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At the Point of the Bayonet

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He had with him his wife and infant child. The child was some three months old, and was looked after by an ayah, who had been in Major Lindsay’s service ten years; for three elder children had been born to him–all, however, dying from the effects of the climate before reaching the age of five. The ayah had nursed each, in succession, and had become greatly attached to the family, especially to her youngest charge. She had come to speak English well; but with the child she always talked in her native tongue, as the major saw the advantage it would prove to the boy, when he grew up, to be able to speak fluently one, at least, of the native languages.

The nurse was a Mahratta. She had been in the service of the British Resident at Poona and, when he was recalled, had entered that of Major Lindsay, at that time a captain who acted as secretary to the Resident.

A young officer from Bombay had just ridden out, to spend a day or two with the major, and was sitting with him at the entrance to the tent.

“The news from the army,” he said, “is most unsatisfactory. As you know, to the astonishment of everyone Colonel Egerton was appointed to the command, in spite of the fact that he was so infirm as to be altogether unfit for active service; and Mostyn, our late Resident at Poona, and Carnac accompanied him as deputies of the Council.”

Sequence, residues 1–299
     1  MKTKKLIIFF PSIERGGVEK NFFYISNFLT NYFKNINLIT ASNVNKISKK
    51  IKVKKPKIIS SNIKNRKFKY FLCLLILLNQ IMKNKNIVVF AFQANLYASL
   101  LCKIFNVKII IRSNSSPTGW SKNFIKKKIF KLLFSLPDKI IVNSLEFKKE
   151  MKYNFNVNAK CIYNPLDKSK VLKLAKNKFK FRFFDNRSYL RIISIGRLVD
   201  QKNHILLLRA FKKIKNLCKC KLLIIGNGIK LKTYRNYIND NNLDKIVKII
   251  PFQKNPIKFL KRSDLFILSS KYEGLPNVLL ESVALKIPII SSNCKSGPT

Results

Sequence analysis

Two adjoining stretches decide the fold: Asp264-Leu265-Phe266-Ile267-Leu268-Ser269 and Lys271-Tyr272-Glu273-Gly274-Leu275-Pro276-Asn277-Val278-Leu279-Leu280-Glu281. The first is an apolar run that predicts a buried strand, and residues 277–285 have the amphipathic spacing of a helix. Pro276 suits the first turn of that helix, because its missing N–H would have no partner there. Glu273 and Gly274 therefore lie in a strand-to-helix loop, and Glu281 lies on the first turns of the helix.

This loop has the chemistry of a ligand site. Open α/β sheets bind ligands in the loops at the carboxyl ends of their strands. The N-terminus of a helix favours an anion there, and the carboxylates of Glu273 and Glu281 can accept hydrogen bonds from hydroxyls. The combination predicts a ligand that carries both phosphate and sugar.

“That is altogether a bad arrangement,” the major said. “It has always been a great disadvantage for a general to be accompanied by civilians, with power to thwart his combinations. Against Mostyn’s appointment no one could raise any objection as, having been for some years at Poona, he understands the Mahrattas, and indeed is much liked by them, so that in any negotiations he would have far more chance of success than a stranger; but Carnac is hot headed and obstinate, with a very high idea of his own importance, and it is certain that there will be difficulties between him and Egerton.”

“I am sorry to say, Major, that these anticipations were very speedily verified. As you know, the advance party landed at Aptee, on November 23rd, and seized the roads over the gorge; and on the 25th the main body disembarked at Panwell. No sooner had they got there than there was a quarrel between Egerton and Carnac. Most unfortunately Mostyn, who would have acted as mediator, was taken ill on the very day after landing, and was obliged to return to Bombay; and I hear there is hardly any chance of his recovery. The army did not reach the top of the Ghauts till the 23rd of December–instead of, at the latest, three days after landing–and actually spent eleven days before it arrived at Karlee, only eight miles in advance of the Bhore Ghauts. Of course this encouraged the enemy, and gave plenty of time for them to assemble and make all their arrangements and, when we last heard, they were harassing our march. For the past two days no news has arrived, and there seems to be little doubt that the Mahrattas have closed in round their rear, and cut off all communications.”

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